How to have a healthy high

How to have a healthy high(Rex Features- OJO Images)
You want to feel on top of the world but you don’t want the hangover later? No problem. Just follow our guide to the highs that don’t come with side-effects.
You want to feel good, on top of your game and on top of the world. You want to feel happy, energised and full of joie de vivre.
But you may not want to damage your health or do anything illegal to get that sort of high.
The good news is, you don't have to. By working with the chemical makeup of your body rather than against it (as illegal drugs, alcohol and even sugar tend to do) you can experience a healthy high.
Here's how to get your fix.
You want that loved up feeling that only comes from, well, love? Get it straight from the fridge.
Yep, good cheese can make you feel gooey with romance, and give you a feel-good high that isn't normally associated with dairy products. Cheese contains 10 times more of the chemical phenylethylamine - believed to give the same rush of hormones as sex - than chocolate. Studies by Australian food researcher Dr Max Lake also found that the scent of certain cheeses alone can provide a sexy mood-boost.
So your first healthy high? Very cheesy pizza.
Video games
It's possible to play video games too much, and turn a fun activity into a dangerous addiction (dangerous for your chances of finding a girlfriend and getting a promotion anyway). But enjoying video games is one of the easiest healthy highs of all.
Video games stimulate your dopamine pathways, and dopamine is the neurotransmitter that allows you to experience feelings of euphoria. It also means that you tolerate unpleasant sensations - like noise and discomfort - more easily. Studies have shown that volunteers immersed in video games are very hard to distract, meaning they're in the zone and loving it.
Not into video games? Not to worry. A study by neuroscientists at the University of Montreal linked music-induced pleasure with a surge in intense emotional arousal, including changes in heart rate, pulse, breathing rate and so on.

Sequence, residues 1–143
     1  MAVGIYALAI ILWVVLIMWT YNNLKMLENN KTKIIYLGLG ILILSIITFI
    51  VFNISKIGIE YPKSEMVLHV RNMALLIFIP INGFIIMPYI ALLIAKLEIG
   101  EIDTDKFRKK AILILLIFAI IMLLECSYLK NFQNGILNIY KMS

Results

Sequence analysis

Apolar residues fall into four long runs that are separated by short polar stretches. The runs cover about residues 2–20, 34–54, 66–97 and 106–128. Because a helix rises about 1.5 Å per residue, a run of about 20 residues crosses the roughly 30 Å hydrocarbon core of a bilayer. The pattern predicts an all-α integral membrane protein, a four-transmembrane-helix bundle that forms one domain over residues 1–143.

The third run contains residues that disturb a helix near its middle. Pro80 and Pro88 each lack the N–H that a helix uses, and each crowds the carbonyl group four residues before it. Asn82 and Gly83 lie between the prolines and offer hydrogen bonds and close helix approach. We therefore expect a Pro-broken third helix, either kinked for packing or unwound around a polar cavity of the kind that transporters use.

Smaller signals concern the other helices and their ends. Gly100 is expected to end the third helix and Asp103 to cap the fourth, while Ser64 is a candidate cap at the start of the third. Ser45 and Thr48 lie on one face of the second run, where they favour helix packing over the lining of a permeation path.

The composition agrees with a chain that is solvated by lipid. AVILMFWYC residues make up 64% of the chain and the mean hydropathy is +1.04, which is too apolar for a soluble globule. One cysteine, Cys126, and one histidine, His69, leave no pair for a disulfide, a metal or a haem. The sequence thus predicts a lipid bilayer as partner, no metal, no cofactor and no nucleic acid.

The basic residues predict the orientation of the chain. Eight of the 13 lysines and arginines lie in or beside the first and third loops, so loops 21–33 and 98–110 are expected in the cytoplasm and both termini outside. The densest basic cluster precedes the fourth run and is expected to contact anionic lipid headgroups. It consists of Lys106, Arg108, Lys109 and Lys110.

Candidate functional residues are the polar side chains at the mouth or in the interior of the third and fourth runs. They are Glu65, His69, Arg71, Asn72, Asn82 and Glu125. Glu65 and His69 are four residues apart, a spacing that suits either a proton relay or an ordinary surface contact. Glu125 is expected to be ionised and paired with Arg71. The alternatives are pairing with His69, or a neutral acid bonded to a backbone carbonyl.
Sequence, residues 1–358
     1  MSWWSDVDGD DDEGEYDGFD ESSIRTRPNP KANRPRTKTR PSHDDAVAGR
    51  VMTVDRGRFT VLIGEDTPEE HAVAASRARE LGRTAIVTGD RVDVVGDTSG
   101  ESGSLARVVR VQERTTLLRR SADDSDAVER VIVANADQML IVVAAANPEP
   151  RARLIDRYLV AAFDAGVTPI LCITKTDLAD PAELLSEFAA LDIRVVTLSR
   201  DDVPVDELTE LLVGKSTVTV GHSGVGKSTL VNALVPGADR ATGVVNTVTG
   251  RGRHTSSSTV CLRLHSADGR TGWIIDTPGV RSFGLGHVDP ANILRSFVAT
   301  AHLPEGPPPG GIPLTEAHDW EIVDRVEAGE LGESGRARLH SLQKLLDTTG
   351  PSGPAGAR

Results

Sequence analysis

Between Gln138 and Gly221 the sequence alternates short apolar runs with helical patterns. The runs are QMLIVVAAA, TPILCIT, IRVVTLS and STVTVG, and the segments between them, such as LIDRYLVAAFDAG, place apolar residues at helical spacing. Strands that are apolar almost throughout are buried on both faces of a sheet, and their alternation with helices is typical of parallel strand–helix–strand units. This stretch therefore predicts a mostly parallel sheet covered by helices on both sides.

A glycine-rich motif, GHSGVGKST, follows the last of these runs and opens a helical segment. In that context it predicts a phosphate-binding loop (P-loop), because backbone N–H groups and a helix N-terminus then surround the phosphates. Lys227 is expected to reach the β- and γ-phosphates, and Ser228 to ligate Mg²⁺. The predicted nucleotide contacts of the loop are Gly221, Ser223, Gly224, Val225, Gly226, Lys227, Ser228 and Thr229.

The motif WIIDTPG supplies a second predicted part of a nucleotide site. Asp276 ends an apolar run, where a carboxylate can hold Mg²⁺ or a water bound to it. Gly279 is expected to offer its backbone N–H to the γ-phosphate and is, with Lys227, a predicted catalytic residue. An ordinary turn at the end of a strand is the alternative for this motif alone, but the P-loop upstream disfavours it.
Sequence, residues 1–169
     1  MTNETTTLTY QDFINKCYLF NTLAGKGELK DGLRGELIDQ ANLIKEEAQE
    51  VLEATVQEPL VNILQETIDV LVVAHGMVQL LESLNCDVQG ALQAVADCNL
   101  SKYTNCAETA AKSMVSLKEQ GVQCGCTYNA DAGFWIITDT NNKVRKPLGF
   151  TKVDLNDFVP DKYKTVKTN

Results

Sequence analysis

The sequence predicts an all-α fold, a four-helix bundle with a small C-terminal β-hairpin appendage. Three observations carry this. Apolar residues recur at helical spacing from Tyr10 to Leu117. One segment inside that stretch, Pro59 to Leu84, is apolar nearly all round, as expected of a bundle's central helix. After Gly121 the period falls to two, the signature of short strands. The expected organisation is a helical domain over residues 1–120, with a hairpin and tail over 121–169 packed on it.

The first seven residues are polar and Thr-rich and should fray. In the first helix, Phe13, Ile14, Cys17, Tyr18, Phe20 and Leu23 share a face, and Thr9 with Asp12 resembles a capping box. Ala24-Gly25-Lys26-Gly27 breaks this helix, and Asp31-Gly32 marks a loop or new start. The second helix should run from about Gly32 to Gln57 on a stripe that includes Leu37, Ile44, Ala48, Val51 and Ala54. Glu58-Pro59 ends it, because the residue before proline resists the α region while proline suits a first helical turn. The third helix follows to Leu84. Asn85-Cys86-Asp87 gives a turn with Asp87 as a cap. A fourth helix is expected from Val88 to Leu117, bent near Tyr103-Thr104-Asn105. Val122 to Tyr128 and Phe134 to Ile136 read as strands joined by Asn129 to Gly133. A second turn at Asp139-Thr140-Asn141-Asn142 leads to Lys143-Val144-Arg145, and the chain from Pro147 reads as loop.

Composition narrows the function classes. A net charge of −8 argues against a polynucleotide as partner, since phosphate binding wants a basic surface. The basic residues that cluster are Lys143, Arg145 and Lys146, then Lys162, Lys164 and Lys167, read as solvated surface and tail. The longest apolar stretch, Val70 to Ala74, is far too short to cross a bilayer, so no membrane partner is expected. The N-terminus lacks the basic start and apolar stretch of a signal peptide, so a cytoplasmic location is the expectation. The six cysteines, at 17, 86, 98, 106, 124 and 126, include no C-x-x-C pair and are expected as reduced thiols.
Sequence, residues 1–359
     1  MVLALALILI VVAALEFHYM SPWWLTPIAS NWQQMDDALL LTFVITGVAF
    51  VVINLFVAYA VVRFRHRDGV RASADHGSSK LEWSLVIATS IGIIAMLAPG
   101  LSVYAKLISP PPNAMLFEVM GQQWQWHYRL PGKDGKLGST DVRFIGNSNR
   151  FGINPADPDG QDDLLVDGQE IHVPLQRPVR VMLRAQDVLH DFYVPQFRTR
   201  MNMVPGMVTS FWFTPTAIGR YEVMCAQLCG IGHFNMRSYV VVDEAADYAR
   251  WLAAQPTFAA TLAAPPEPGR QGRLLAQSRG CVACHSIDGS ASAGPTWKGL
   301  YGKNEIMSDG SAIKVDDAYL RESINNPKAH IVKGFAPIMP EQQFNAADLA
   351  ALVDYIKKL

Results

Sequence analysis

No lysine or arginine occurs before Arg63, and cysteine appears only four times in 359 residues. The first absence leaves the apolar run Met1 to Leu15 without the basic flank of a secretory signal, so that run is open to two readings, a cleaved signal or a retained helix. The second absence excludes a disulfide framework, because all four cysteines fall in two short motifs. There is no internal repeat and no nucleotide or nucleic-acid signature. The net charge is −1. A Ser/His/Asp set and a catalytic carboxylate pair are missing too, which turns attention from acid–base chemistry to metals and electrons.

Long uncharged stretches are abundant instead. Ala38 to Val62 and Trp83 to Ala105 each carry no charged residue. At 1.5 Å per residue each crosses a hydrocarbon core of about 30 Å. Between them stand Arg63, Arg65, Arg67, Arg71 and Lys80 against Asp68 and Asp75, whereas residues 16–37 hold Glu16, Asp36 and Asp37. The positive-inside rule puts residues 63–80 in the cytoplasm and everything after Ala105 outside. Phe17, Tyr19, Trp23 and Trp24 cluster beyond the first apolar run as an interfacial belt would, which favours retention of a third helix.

Again, the secret is dopamine. The scientists found that a large dose of this feel-good chemical is released when we listen to the music we like, whether that's Mozart or Metallica. They reckon this may explain why music has been such an all-pervading part of human culture throughout history.
Sex with your partner is about the best high you can have, for all sorts of reasons. But a large part of the sex high is down to chemicals called endorphins, which are released during sex and which have a similar structure to morphine.
So how do these endorphins make you feel? Sexy, yes, but also relaxed, euphoric and generally happy and at one with the world. They also have a calming effect. Sex also prompts the release of the hormone oxytocin, which serves to create a bond between you and your partner. So for feelings of loved-up well being, sex is every bit the equal of a warehouse rave circa 1991.
Exercise gives you a sense of achievement. You also feel fitter and look better, and that makes you happier. But there's more to the exercise high than that.
In fact, taking part in sport and exercise releases several chemicals into the brain that are powerful mood-boosting stimulants. Endorphins lower stress and give you that post-exercise high. Serotonin, a natural mood enhancer, is also released during a sweaty workout.
And then there's brain-derived neurotrophic factor, or BDNF for short, a neurotransmitter also released in response to exercise. BDNF helps to reduce the symptoms of depression.
All in all, exercise prompts the release of a cocktail of mood-boosting chemicals, all of which make you feel happier, less stressed and euphoric. And that's before you've even stepped onto the scales or noticed your increasingly lean 'n' mean physique in the changing room mirror.
Get outside
Whether you're exercising or not, you can feel good about life simply by stepping outside. According to scientists, we could be living in a light deprived world. We tend to work in offices, exercise in gyms and socialise in pubs, restaurants or clubs. Just a few generations ago, most people lived far more of their lives outside, and studies have found that, even on cloudy days, light tends to be far brighter outside than in.
And experts now think that bright light - daylight - prompts the release of serotonin, the natural mood enhancer,which is also released during exercise. That could be why running outside can seem far more satisfying than running on a treadmill, and why simply getting out in the open air at lunchtime is one way to get an easy mood boost.
All these entirely natural highs boost mood and make you happier, less stressed and calmer. In that respect they work like drugs or alcohol, but because they work with your body rather than against it, these are highs that come without the crushing lows associated with comedowns or hangovers. Give them a try.
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